Palestinian president thanks Egypt, Ethiopia at AU Summit



Sun, 28 Jan 2018 - 03:52 GMT


Sun, 28 Jan 2018 - 03:52 GMT

President of Palestine Mahmoud Abbas - photo courtesy of the Kremlin

President of Palestine Mahmoud Abbas - photo courtesy of the Kremlin

CAIRO – 28 January 2018: Palestinian President Mahmoud Abbas thanked Egypt and Ethiopia for backing the Palestinian cause in the UN Security Council during his speech in the opening session of the 30th African Union (AU) Summit.

Abbas accused Israel of attempting to alter the spiritual and historic identity of Jerusalem in addition to demolishing Muslim and Christian sacred sites. He also criticized Israel for promulgating laws supporting its occupation of Eastern Jerusalem.

The Palestinian cause was discussed in bilateral meetings among other topics by Minister of Foreign Affairs Sameh Shokry and his counterparts from Gabon, Angola, Malawi and Côte d'Ivoire.

The Emergency Special Session of the General Assembly on the U.S. decision, called for by Turkey and Yemen, took place on December 21 whereas 128 countries voted for the draft resolution and nine countries voted against, while 35 abstained from voting on the draft resolution.

That was three days after the United States vetoed the Egyptian-drafted resolution at the United Nations Security Council (UNSC) objecting to the U.S. recognition of Jerusalem as the Israeli capital.

Palestinian officials vowed to take all possible measures internationally after the veto on December 18 as the decision breaches all former United Nations (UN) resolutions on Israel and Palestinian territories.

The UN draft resolution, approved by the remaining 14 UNSC Member States stated, “any decisions and actions, which purport to have altered the character, status or demographic composition of the Holy City of Jerusalem, have no legal effect, are null and void and must be rescinded in compliance with relevant resolutions of the Security Council.” The resolution, however, does not mention the U.S.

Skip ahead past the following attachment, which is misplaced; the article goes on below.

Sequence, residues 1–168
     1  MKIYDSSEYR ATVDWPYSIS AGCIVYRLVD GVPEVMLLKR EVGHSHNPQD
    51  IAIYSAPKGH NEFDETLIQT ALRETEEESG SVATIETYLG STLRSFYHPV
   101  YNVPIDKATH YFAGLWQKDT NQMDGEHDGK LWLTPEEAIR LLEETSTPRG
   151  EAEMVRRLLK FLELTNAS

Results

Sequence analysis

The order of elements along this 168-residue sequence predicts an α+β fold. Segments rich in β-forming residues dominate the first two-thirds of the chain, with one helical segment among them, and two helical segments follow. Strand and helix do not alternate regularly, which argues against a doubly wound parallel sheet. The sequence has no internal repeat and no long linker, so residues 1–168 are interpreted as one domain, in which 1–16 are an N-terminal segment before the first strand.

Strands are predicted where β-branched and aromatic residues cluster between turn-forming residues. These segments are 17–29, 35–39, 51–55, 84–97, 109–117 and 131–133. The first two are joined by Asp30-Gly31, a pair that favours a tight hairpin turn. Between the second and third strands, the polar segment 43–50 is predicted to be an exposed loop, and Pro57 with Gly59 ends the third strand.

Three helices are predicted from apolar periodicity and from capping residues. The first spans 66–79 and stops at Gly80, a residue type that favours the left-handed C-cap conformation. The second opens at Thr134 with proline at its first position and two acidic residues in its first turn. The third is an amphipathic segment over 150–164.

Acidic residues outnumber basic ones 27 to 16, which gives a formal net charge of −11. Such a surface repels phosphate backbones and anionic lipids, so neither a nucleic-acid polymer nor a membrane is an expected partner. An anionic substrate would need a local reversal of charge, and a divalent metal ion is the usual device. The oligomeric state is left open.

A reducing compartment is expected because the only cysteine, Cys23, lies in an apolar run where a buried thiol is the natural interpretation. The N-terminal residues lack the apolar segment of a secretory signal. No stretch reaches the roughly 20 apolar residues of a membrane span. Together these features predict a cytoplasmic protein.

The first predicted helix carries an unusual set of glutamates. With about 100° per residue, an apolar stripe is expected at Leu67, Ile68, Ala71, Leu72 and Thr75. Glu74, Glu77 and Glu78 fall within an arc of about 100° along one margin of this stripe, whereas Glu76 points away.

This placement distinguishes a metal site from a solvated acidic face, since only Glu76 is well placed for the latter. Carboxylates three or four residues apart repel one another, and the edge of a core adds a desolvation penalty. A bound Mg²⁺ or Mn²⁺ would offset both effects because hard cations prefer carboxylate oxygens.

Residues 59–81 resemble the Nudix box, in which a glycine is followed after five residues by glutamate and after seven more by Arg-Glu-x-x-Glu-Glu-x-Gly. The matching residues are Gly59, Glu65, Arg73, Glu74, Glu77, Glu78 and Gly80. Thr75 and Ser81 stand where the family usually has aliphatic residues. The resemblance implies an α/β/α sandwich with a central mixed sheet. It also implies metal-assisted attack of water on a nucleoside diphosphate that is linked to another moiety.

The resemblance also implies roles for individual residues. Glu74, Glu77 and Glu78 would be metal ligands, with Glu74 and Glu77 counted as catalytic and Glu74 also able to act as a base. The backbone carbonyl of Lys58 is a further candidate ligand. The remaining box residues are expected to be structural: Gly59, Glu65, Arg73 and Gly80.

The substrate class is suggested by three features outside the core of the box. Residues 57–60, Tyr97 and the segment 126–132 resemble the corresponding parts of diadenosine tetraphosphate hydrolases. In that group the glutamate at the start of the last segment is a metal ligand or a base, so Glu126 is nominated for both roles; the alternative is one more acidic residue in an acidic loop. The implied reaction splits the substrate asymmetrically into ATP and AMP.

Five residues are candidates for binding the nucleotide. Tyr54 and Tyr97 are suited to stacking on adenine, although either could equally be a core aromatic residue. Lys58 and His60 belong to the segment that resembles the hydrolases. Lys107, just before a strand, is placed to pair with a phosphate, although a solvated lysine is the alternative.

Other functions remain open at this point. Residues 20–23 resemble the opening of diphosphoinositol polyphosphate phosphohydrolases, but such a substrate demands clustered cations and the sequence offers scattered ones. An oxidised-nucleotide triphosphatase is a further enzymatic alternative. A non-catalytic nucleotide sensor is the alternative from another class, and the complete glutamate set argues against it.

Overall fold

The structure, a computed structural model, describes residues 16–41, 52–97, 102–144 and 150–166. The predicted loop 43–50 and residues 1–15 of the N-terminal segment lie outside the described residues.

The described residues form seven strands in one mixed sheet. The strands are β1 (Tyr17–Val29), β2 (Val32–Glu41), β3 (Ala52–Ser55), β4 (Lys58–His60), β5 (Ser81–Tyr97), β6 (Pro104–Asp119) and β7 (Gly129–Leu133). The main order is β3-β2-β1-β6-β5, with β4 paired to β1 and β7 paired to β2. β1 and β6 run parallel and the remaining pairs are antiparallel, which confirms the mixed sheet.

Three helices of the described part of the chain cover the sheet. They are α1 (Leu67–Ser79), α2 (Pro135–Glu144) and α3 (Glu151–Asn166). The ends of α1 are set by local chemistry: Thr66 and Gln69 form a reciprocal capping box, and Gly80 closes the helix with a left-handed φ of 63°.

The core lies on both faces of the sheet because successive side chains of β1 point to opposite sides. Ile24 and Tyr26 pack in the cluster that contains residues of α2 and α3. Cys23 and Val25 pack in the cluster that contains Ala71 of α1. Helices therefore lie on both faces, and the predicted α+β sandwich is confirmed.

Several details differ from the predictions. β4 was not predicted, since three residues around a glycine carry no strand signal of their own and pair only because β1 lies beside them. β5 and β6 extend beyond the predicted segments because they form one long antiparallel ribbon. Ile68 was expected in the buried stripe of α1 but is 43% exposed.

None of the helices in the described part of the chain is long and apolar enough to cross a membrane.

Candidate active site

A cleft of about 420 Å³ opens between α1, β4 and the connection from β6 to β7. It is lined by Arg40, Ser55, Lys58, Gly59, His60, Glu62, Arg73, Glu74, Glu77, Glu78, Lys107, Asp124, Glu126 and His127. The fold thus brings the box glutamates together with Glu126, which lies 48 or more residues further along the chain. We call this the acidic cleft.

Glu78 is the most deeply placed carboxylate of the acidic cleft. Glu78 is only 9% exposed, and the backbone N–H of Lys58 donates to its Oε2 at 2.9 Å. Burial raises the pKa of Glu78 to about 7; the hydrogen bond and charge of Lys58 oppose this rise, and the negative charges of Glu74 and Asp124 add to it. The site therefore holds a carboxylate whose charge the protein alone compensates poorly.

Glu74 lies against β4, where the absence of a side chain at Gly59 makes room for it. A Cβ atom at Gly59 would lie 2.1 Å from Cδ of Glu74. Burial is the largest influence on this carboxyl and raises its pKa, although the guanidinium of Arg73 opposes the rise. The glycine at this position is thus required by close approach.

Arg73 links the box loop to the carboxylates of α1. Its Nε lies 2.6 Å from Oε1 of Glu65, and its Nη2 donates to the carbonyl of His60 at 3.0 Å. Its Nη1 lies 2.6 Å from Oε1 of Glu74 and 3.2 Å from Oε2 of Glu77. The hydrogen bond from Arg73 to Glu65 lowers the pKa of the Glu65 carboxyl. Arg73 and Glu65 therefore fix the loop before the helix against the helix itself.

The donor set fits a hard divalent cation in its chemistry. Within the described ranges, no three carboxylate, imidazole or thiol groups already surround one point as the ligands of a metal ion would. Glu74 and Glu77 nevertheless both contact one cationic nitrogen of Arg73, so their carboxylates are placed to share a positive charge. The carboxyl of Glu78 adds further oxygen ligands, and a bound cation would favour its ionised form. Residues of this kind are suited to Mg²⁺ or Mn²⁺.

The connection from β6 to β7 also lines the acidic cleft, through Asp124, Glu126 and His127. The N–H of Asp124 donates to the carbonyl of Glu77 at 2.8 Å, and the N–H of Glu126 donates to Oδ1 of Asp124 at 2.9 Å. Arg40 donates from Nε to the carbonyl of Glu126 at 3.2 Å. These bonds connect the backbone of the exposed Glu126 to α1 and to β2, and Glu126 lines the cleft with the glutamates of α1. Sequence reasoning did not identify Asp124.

Ten Emergency Special Sessions of the General Assembly were held from 1997 to 2009, and all of the sessions dealt with Israeli violations against Palestinians and their territory except for one that necessitated a ceasefire by both Israelis and Palestinians in 2002. The issue with UNGA resolutions, whether passed in emergency or regular annual sessions, is that they are not binding but they can have a significant political impact.

Article 25 of the Charter of the United Nations states, “Members of the United Nations agree to accept and carry out the decisions of the Security Council in accordance with the present Charter.” Non-abiding states may be subject to sanctions by the UN.

As the United States is one of the five permanent UNSC Member States possessing the veto right, it is likely to block any future resolutions against its decision. That is evident from the words of the U.S. Permanent Envoy to the UN, Nikki Haley, “What we witnessed here in the Security Council is an insult. It won’t be forgotten.”

On December 20, Haley tweeted "On Thursday there will be a vote criticizing our choice. The U.S. will be taking names" referring to the 193-nation assembly. The U.S. president also threatened of cutting aid to countries voting in favor of the resolution.

On December 6, U.S. President Donald Trump announced that the American embassy in Israel would be moved to Jerusalem, therefore recognizing the city as the Israeli capital. Consequently, international objection and protests in the Palestinian territories erupted. Clashes between protestors and Israeli security forces resulted in 10 deaths and over 2,000 injuries up until now.



Leave a Comment

Be Social